Maximus is a VST and FL Studio plug-in for PC that Image-Line claims will compete with the most heavyweight of dynamics processors and mastering tools on the market.
The basic need for so-called 'maximising' effects such as Maximus is rooted in the loudness war that everybody seems to be banging on about these days. The gist of this is that, in a vicious tail-chasing circle, commercial releases have become louder and louder over the years, at the expense of clarity, audio fidelity and dynamic range.
However, Image-Line is making it quite clear that Maximus is designed to minimise these unwanted side effects while still pushing perceived loudness to competitive levels.
Maximus is a multiband affair, and so is capable of splitting the incoming signal into three frequency bands: Low, Mid, and High. Each band can then be processed separately, using its own dynamics settings, before being reunited at the next stage - the Master band - for a further dose of dynamic manipulation.
The theory is that it's easier to achieve a louder overall sound if each band has been processed independently. Otherwise, the danger is that imbalanced frequency distribution will compromise the overall level - if a heavy bass part gobbles up all the headroom, for example.
Under the hood
On the face of it, Maximus is simply a multiband compressor, but it quickly becomes clear that mere compression barely scratches the surface of this beast's capabilities. Rather than using the typical threshold and ratio dials (as found on classic compression units and the vast majority of software incarnations), Maximus makes use of a highly flexible curve-based architecture.
The dynamics curve is basically a graph representing input level versus output level. To clarify how this works, a straight 45 degree line (ie, a 1:1 incline) would represent no change at all, as all input levels (X axis) map to the same output levels (Y axis).
Curves consist of control points, and you can add as many as you like, with tension handles for each curve section being used to further pull them into shape. There are five different curve types available to join the control points: a standard single curve, an S-shaped double curve, hold (ie, a horizontal line), stairs, and smooth stairs.
The flexibility afforded by Maximus's dynamics curves is nigh-on infinite, and when you couple this with the fact that each of the four bands has its own curve, you'll start to understand why we salivate at the possibilities.
Maximus can handle any dynamic application, including soft- or hard-knee compression, limiting, noise gating, distortion and even inversion, which is an intriguing effect where loud equals quiet and quiet equals loud.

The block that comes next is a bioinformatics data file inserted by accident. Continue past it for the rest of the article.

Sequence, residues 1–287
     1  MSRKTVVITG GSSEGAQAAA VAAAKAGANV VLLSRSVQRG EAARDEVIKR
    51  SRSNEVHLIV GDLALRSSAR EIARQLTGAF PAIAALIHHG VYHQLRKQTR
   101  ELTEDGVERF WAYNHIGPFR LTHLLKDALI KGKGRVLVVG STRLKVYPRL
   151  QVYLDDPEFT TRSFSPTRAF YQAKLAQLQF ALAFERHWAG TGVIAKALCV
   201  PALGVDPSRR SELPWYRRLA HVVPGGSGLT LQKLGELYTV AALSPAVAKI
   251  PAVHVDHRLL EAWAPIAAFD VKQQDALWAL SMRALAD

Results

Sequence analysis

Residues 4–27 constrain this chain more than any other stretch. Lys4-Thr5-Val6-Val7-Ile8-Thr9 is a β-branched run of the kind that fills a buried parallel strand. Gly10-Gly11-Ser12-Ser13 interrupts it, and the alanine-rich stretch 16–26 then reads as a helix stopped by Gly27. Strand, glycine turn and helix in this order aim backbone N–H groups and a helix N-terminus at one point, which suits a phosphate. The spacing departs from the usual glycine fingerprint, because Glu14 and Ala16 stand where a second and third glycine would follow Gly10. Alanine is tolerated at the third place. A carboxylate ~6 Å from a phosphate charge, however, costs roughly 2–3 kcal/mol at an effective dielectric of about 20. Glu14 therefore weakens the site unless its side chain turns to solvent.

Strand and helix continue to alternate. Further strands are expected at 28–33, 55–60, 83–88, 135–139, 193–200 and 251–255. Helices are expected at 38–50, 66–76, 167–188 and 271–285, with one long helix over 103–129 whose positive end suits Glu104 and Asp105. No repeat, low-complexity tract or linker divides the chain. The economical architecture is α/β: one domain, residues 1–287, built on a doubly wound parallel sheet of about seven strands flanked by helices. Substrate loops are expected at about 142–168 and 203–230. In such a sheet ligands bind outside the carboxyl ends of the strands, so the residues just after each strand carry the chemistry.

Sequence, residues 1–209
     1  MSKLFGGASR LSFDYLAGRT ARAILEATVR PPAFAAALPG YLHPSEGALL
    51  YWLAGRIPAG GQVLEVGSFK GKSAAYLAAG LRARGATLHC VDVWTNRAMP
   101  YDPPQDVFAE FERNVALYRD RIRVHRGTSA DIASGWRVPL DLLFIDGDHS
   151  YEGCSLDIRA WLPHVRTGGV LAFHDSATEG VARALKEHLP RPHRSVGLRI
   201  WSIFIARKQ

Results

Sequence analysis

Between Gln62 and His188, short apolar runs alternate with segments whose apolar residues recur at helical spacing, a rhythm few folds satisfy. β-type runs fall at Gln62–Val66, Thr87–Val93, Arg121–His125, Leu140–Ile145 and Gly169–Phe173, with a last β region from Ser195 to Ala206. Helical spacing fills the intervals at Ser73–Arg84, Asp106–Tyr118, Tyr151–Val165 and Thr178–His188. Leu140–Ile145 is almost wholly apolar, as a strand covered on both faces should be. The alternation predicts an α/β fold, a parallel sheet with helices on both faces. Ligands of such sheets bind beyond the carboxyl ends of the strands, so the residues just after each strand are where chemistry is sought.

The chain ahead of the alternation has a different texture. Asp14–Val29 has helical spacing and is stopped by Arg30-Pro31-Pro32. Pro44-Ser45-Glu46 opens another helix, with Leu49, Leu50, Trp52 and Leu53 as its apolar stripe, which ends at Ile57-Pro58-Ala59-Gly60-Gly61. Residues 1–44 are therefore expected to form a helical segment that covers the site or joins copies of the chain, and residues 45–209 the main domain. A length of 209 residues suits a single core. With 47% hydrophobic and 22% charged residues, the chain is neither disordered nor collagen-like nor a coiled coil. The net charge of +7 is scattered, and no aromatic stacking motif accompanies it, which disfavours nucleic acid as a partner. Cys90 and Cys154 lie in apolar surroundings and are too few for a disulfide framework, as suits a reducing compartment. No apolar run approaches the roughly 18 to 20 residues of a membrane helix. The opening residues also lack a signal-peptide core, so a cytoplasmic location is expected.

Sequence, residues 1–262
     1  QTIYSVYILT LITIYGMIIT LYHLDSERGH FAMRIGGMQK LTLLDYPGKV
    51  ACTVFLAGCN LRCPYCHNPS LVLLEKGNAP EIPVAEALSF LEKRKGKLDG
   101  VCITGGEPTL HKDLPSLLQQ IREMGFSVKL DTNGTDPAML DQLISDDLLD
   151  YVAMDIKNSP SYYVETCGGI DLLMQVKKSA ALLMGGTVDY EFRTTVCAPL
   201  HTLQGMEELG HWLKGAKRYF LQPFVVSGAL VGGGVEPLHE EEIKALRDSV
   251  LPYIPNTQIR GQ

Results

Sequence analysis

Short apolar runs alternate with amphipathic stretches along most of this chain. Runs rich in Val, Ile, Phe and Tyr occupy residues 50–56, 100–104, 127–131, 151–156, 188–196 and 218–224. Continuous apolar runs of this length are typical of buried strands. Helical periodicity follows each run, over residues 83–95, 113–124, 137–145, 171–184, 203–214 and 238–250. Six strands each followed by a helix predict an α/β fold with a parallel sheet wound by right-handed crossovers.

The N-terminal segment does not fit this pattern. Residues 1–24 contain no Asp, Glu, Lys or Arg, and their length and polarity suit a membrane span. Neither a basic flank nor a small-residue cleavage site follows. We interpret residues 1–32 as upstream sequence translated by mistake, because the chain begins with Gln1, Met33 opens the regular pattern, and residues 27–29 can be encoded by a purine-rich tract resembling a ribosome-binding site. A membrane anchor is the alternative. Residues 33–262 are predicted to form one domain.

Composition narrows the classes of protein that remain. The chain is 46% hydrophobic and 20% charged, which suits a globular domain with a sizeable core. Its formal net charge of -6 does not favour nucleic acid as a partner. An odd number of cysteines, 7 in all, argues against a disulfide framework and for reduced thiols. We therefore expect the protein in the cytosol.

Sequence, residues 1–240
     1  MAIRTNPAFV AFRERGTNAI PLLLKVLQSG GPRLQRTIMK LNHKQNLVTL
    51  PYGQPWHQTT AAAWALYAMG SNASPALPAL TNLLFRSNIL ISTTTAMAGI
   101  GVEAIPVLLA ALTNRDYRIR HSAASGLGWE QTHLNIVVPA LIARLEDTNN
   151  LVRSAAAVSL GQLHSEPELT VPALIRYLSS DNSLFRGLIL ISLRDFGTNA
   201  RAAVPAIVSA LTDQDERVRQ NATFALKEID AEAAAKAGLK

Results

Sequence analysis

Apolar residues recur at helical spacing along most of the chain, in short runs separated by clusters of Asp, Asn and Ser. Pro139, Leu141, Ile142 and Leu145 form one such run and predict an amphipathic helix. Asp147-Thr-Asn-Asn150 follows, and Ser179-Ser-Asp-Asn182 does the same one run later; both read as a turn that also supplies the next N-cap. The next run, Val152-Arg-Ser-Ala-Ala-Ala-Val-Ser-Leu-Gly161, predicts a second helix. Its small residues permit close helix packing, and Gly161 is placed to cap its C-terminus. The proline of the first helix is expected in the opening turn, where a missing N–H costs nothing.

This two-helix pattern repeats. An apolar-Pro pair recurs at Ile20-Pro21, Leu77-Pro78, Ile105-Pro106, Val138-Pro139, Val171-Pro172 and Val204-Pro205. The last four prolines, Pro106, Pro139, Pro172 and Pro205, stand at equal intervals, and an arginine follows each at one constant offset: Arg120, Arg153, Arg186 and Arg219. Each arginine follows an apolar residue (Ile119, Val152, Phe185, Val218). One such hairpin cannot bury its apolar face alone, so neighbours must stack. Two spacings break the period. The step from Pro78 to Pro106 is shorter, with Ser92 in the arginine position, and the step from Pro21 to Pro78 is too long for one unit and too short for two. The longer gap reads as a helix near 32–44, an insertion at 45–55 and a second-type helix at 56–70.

Maximus is also able to function as an incredibly powerful de-esser, and can even produce unique special effects.
To enhance the usability of what could potentially be a hard system to get a handle on, a display monitor gives a configurable visual representation of the incoming waveform and the processing for each band. FabFilter's Pro-C compressor uses a strikingly similar visualisation system, and, as with that product, the displays on Maximus certainly make for a fun and easy route to dynamic mastery.
You can even set the speed at which the display rolls by, or pause it with a click of the mouse. Obviously, this doesn't quite circumvent the need to learn how to use compression, and it can also be overwhelming at first, but once you've sussed it out, the ability to actually see the differences made by tweaking the settings becomes highly useful.
Image-Line is also assisting new users with a selection of categorised presets, plus exceptionally good help files.
All this power and flexibility would be of little consequence if Maximus didn't deliver the goods sonically, but it certainly didn't let us down, no matter what task we turned it to.
We do have a few criticisms, though: we found the GUI to be a bit murky and hard to read, and we also reckon that some of the controls on offer - such as the advanced parameters for tweaking the attack and release curves - are a bit too highbrow and likely to confuse all but the most compression-crazed dynamics junkies.
Also, while having just three frequency bands makes things easier to get a grip on, many modern multiband compressors have four or five bands, so some may find Maximus lacking in this area.
Even so, you won't find another dynamics processor quite like Maximus. It's a supremely configurable tool that sounds as good as it looks.
Great visual display. Incredibly fun and flexible. Mix knob for parallel compression. Multiband stereo spread controls Informative documentation.
Interface is a bit murky. More bands would be nice!
Maximus’s modern approach to multiband compression means that it’s capable of any dynamics task – and more besides – whilst remaining as easy to use as one could hope. And it sounds great too!
All MusicRadar's reviews are by independent product specialists, who are not aligned to any gear manufacturer or retailer. Our experts also write for renowned magazines such as Guitarist, Total Guitar, Computer Music, Future Music and Rhythm. All are part of Future PLC, the biggest publisher of music making magazines in the world.
Multiband dynamics processor.
Microsoft Windows Vista Microsoft Windows XP
Processor Type Required